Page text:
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10 charged in abduction and death of homeless man in Ithaca, New York

A motive in the death of Thomas Rath, 33, was not revealed as authorities said more arrests were sure to come.
Thomas Rath.
Thomas Rath.New York State Police

Ten people have been charged in the abduction and death in Ithaca, New York, of a homeless man reported missing in the spring, state and local authorities announced Monday.

Thomas Rath, 33, was reported missing from a homeless encampment in the city May 20, and on Aug. 3 his remains were found in a shallow grave on state land in adjacent Tioga County, State Police Capt. Lucas Anthony said.

"Rath was forcibly abducted from his encampment in the natural area behind Lowe's in the city of Ithaca, known as the 'Jungle,'" state police said in their statement.

Speaking at Monday's news conference, 100 days since the victim was reported missing, Anthony offered condolences to Rath's loved ones. "Mr. Rath was the victim. But to his family he was a father, a brother, a son."

Two of the 10 people arrested and charged, Angelo Baez, 48, and Jonathan Glennon, 31, face the most serious allegations — second-degree murder charges, state police said in a statement.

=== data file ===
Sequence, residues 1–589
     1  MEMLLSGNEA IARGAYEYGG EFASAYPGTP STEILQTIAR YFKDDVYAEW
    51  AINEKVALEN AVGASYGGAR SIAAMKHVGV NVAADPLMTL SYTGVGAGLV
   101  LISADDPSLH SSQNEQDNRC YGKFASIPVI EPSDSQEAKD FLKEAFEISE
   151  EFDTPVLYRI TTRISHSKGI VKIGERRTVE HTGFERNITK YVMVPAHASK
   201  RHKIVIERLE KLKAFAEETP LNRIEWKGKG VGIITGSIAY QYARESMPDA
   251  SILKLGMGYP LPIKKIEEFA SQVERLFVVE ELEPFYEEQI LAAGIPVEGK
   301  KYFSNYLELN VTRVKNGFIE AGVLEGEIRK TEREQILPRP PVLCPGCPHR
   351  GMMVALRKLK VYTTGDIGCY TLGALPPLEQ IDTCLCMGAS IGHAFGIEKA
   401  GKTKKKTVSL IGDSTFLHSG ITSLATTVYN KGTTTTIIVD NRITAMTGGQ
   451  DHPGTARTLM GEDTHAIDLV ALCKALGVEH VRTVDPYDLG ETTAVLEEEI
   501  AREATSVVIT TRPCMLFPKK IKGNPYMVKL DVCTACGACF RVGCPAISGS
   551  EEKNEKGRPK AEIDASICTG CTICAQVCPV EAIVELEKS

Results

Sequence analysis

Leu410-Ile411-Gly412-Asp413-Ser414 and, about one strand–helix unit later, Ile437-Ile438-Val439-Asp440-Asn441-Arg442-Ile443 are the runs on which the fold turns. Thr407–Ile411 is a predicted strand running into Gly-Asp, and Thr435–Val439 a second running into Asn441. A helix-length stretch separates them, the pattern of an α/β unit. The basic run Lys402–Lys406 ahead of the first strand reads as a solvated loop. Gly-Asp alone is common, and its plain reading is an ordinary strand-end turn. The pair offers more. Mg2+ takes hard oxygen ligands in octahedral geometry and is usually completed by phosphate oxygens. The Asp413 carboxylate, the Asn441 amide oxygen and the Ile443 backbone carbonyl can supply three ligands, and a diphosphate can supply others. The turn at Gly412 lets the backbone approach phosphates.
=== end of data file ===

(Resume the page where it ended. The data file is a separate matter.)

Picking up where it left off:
Glennon was in the Androscoggin County Jail in Auburn, Maine, state police said. The other suspects, ages 27 to 52, each face a charge of first-degree kidnapping, as does Baez, according to state police.

It wasn't clear whether the suspects have retained legal counsel. A public defender's office did not immediately respond to a request for comment.

The suspects and the victim all resided in the Ithaca area, Anthony said, though it wasn't clear whether all, some or none of those charged also lived in the encampment.

"More arrests are coming," Anthony said.

For that reason, officials were tight-lipped about a possible motive or about how Rath died. They don't want to show their hand when it comes to evidence.

Anthony said that Rath was abducted and died in about 24 hours and that those allegedly involved "were all familiar with each other."

"Motive is something we'll be addressing more in the court proceedings," he said.

The investigation included an early June search of a home Rath visited, authorities said, as well as the search for remains, which ended with the discovery Aug. 3. Investigators conducted hundreds of interviews and executed more than 40 search warrants, they said.

Drugs may play a role on the periphery of the case, Anthony said, but they weren't "a driving factor."

The case will be prosecuted in Tioga County because that's where Rath's remains were found, he said.

Ithaca's acting police chief, Lt. Ted Schwartz, addressed the victim's plight at Monday's news conference, saying, "The people who most often rely on the police are the most vulnerable."